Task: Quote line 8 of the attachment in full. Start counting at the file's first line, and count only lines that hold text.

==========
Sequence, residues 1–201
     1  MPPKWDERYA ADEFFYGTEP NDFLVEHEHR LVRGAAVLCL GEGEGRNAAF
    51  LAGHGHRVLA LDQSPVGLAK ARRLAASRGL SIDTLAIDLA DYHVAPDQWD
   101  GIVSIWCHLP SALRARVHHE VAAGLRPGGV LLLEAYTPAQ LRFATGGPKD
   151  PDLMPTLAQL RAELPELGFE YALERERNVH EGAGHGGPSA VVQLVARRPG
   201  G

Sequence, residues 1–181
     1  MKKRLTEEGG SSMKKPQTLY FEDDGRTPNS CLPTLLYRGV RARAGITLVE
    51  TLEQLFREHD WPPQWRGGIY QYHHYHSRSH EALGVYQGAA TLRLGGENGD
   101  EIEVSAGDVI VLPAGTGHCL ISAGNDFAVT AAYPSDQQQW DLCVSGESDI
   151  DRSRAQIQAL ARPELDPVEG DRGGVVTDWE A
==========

     1  MKKRLTEEGG SSMKKPQTLY FEDDGRTPNS CLPTLLYRGV RARAGITLVE